#235 – The Help (2011)

From 428,690 votes, The Help has an IMDb rating of 8.0.

An aspiring author during the civil rights movement of the 1960s decides to write a book detailing the African American maids’ point of view on the white families for which they work, and the hardships they go through on a daily basis.

Ah, The Help. A film that gets rightly critiqued for being a shameless white saviour story while also containing some of the best performances from some of the USA’s greatest female actors. It also holds a special place in my heart because it has Leslie Jordan and Sissy Spacek, two of my all-time favourite actors.

At its heart, The Help is a movie centred around the lives of black maids during the 1960s, during the height of the civil rights movement in America. Emma Stone provides the narrative driving force of the movie, intending to publish a book about the lives of these women. This is where the ‘white saviourism’ comes in. This TV Tropes article does a better job than I can do to explain the trope and the unfortunate implications of its use in a movie such as The Help. In fact, Viola Davis took an opportunity to openly criticise the film for its white narrative POV.

 I just felt that at the end of the day that it wasn’t the voices of the maids that were heard. I know Aibileen. I know Minny. They’re my grandma. They’re my mom. And I know that if you do a movie where the whole premise is, I want to know what it feels like to work for white people and to bring up children in 1963, I want to hear how you really feel about it. I never heard that in the course of the movie.

Viola Davis

Valid political criticism aside, I just want to take a moment to talk about my opinions. Honestly, I liked the movie. I recognise the flaws intrinsic in its premise and execution but I enjoy the performances. A rolling storyline hits peaks and troughs of hilarious, stand-out moments of comedy and heart-wrenching, poignant scenes of strife that ramp up in emotionality as you come to know and appreciate the deep characterisation given to these women on screen. Watching the despaired performance of Jessica Chastain as the usually brimming-with-light Celia Foote as she suffers a miscarriage that she so desperately tried to avoid brought tears to my eyes, and by the time we see Davis’s Aibileen Clark say an almost mournful goodbye to the child she was trying so hard with sends me in floods every time.

I’m quite easily brought to tears, but this film is something else entirely.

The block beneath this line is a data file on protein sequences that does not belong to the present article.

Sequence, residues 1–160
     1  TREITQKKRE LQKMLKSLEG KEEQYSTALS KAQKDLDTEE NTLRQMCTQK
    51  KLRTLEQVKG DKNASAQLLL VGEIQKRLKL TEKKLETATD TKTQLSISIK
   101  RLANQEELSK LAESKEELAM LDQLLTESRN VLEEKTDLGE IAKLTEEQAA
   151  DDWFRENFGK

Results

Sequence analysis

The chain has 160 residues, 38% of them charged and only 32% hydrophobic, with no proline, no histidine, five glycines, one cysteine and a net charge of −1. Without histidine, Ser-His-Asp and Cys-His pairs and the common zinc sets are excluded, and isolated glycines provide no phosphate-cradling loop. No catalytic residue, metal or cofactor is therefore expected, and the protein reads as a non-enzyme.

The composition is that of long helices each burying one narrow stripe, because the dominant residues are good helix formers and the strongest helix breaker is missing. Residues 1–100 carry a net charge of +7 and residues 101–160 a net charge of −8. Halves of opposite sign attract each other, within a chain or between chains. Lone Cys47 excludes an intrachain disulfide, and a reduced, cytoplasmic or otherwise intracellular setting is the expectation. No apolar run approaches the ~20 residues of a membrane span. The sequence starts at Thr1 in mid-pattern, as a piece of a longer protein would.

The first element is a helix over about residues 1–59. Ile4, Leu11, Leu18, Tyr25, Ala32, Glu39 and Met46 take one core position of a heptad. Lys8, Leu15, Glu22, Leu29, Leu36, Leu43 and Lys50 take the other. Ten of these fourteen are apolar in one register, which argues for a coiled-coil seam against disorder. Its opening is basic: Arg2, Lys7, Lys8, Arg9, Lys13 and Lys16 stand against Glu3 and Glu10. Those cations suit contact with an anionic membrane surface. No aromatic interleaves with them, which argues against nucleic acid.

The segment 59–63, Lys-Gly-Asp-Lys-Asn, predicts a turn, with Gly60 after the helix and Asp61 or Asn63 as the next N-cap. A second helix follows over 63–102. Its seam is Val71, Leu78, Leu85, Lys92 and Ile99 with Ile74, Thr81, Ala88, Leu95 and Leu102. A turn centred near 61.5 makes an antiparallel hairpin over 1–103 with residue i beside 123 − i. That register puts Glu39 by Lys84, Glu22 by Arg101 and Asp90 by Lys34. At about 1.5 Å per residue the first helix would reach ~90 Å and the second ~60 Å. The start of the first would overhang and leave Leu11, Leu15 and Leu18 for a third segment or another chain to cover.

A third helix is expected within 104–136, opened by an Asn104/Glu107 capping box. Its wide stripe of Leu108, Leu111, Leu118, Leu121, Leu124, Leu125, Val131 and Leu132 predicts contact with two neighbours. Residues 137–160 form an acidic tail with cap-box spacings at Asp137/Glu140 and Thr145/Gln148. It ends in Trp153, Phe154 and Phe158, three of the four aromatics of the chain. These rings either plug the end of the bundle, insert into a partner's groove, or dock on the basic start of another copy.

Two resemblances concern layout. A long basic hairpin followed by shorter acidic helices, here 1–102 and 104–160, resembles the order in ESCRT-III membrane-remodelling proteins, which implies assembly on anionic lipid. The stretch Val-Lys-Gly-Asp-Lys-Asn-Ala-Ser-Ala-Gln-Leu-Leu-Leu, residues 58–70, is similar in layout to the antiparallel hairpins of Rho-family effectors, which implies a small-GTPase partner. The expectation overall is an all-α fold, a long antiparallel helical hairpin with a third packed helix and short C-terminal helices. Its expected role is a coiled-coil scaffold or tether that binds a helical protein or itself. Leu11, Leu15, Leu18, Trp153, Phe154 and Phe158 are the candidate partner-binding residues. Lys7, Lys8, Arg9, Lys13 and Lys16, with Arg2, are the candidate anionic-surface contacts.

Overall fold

It would be hard to write a review of The Help without mentioning what I think is the best scene of the movie: the scene where Skeeter (Stone) interviews a room chock full of black maids for her book, intending to expose the vicious treatment of the rich white ladies of the south. It’s an exciting scene with uh, some very memorable moments, and it’s here where the plot is reaching a climax, set off by the arrest of a local maid and the assassination of Medgar Evers.

I may have trouble remembering my own name, or what country I live in, but there are two things I can’t seem to forget: that my own daughter threw me into a nursing home, and that she ate Minny’s shit.

Missus Walters

Now, I will say that the film does get a little bit up Skeeter’s arse, portraying her as this rebel with a cause, a unique nice white person amongst the racism of the deep south, but this is taking some liberties. During the 60s there were white people marching in the civil rights protests alongside black people, and actively campaigning for the abolishment of the Jim Crow laws. It’s just a bit disingenuous to portray Skeeter as this island of sanity, when in reality she would be doing the very least as a self-involved writer looking to strike fame and a cushy city job – who in the book that the movie is based on is quite the absolute fucking racist.

More positively, Octavia Spencer is absolutely the stand-out in this movie, I feel. She won an Oscar for Best Supporting Actress (beating out her castmate Jessica Chastain) and you can’t deny it was deserved. The layers to a role like Minny, who must show so many different sides – a mother, a companion, a servant, an angry woman, a strong woman – make it look like a difficult task executed with style and grace. Spencer’s performance is utterly magnetic.

And that’s The Help.

Verdict: watch it with a critical eye.


One thought on “#235 – The Help (2011)

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